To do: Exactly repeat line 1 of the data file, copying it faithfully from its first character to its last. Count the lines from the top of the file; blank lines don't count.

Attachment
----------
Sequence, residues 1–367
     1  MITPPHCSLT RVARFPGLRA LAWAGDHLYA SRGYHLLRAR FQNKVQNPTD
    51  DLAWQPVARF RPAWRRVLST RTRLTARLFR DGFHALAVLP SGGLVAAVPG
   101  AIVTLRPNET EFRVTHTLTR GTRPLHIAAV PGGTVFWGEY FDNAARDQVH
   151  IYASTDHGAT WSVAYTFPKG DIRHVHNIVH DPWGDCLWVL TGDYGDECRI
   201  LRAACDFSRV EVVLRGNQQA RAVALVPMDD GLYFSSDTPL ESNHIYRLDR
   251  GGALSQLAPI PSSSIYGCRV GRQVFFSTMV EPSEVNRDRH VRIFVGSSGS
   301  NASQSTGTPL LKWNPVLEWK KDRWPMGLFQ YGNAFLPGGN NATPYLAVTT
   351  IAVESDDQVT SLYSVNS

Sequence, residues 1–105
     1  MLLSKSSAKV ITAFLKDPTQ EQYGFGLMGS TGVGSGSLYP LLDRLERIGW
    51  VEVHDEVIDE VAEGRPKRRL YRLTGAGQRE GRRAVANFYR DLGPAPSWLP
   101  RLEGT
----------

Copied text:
Sequence, residues 1–367